Members were advised that stacked townhouses are three and one-half stories tall and approximately 1,600-2,300 sq. ft. Mr. O’Neill addressed the screening for the units on the west side facing the tank farm and the exterior building materials being proposed. He offered to provide a four foot berm in front of the homes facing the tank farm for additional protection. Members suggested: 1) further review by the Fire Marshal for the new plan configuration; 2) traffic study review; and 3) approval of the building heights.
ZONING ORDINANCE TEXT AND MAP AMENDMENT – RRD –RESIDENTIAL REVITALIZATION DISTRICT – SOUTH MALIN ROAD – BISHOP TUBE
Represented by Lou Colagreco, Esquire, Brian O’Neill, Guy Wolfington
They are requesting to add a new permitted residential district by amending Section 200-19 “Permitted Uses for Residential Districts. The property is located on the southeast side of Malin Road formerly known as Bishop Tube property. The permitted uses are by right, special exceptions and conditional uses. The intent of the RRD Residential Revitalization District is to provide for and encourage reuse, redevelopment and revitalization of tracts that have undergone remediation.
Mr. O’Neill advised that the Bishop Tube property access is restricted due to the railroad tunnel. Various other development proposals have failed due to these restrictions. He is suggesting developing the property by demolishing the buildings. He will build 34 townhouses and 360 loft apartment with underground parking. There has been a cooperative effort from all parties to clean up the site. Discussion ensued concerning the safety limitations out of this area. Mr. O’Neill offered other developments where similar access limitation exists. He offered to provide the members a tour of these other locations he’s developed.
ZONING ORDINANCE TEXT AND MAP AMENDMENT – RRD –RESIDENTIAL REVITALIZATION DISTRICT – SOUTH MALIN ROAD – BISHOP TUBE
Represented by Lou Colagreco, Esquire, Brian O’Neill, Frank Tavani, John Benson
The applicant is requesting to add a new permitted residential district by amending Section 200-19 “Permitted Uses for Residential Districts.” The property is located on the south side of Malin Road formerly known as Bishop Tube property. The intent of the RRD Residential Revitalization District is to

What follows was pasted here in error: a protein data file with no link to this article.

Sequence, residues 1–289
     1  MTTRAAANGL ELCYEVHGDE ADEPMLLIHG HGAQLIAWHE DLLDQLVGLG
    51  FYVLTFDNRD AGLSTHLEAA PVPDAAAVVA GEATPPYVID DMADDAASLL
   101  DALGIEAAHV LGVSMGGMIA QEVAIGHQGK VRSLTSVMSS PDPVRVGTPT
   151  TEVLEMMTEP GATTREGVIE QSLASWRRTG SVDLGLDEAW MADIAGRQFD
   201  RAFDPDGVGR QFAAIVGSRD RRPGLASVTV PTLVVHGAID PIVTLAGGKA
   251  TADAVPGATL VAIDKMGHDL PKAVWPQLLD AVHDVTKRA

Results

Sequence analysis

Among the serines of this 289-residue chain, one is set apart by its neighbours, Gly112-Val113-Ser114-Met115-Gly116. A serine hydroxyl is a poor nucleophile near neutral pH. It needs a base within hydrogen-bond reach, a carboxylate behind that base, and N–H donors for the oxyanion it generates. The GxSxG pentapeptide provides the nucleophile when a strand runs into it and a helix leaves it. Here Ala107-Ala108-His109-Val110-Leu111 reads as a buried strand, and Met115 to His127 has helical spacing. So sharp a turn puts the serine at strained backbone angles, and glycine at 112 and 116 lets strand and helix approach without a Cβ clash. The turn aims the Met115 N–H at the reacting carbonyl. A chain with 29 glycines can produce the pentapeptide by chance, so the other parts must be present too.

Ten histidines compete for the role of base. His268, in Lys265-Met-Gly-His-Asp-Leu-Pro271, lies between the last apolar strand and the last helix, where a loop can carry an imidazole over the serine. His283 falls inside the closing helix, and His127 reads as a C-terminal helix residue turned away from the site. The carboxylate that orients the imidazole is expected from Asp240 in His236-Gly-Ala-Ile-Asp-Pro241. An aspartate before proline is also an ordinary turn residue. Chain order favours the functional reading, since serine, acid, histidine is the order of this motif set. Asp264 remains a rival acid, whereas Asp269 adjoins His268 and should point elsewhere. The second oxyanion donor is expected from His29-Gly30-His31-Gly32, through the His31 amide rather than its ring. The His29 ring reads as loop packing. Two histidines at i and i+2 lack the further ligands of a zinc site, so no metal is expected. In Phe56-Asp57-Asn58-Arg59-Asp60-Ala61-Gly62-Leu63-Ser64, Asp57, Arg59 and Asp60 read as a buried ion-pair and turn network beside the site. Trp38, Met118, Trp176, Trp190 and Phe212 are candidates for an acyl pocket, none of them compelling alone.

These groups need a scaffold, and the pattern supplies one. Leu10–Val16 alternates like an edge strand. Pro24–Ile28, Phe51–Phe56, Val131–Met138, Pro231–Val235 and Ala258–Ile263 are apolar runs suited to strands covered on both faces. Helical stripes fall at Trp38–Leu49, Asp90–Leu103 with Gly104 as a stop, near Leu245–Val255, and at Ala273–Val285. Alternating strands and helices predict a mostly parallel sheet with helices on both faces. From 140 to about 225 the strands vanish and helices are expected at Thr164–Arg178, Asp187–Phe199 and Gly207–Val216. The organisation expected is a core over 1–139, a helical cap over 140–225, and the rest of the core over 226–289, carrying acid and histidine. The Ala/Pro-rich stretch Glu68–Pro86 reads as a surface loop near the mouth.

provide for and encourage reuse, redevelopment and revitalization of tracts that have undergone remediation.
They are proposing to construct 305 townhouses. The density has been reduced by two-thirds from the original proposal. Mr. Colagreco stated that this most recent plan has been presented to Ken Battin, Building Official/Fire Marshal, and he gave a favorable review of this plan. Members were advised that they can satisfactorily comply with the items listed in McMahon Associates letter, dated May 23, 2014. Changes to the intersection timing at Route 30 and South Malin Road can be accomplished. A discussion ensued relative to the County Planning Commission review letter. The solicitor felt that they had not been given them credit for the revitalization. Ms. Woodman asked, if the two properties under agreement with the Benson Company, contained any contamination? She suggested that the applicant investigate Section 200-25.1 (A) which requires that the properties either will or have undergone remediation standards. To date, the Township has no “brownfield” notification on these two parcels. The applicant was advised the the surrounding community is interested in the status of the cleanup. Mr. Colagreco suggested that information be forward to the Township for incorporation on the website.
Mr. Laumer made a motion to recommend to the Board of Supervisors approval of the Zoning Ordinance Text and Map Amendments to creating a new RRD- Residential Revitalization District and applying this District in lieu of the current I-Industrial Zoning District designation on three parcels including the former
Bishop Tube property located on South Malin Road east of the Buckeye Tank Farm. The motion was seconded by Todd Asousa and the vote was unanimous.
Ok, so all this craziness mostly talks ONLY about HOW many units. From a couple hundred to over five hundred, to three hundred to two hundred and sixty four and apparently after last evening’s meeting oh goodie two hundred and thirty some odd units.
If this site is NOT completely remediated , why the cart before the horse scenario? Isn’t it a little bass ackwards to be discussing a development plan if a site is not completely cleaned up? And is it true it can take decades to properly clean up a site like this because you never know when little pools of toxic goodness will bubble up? And can’t these chemicals get trapped between rocks and stuff and get released anew if moved?
Philadelphia (July 18, 2014, 5:09 PM ET) — A Pennsylvania court ruled Thursday that the owner of a contaminated tract of Chester County land could not appeal a Department of Environmental Protection letter ending an agreement in which the landowner agreed to take measures to rehabilitate the site in exchange for protection from liability.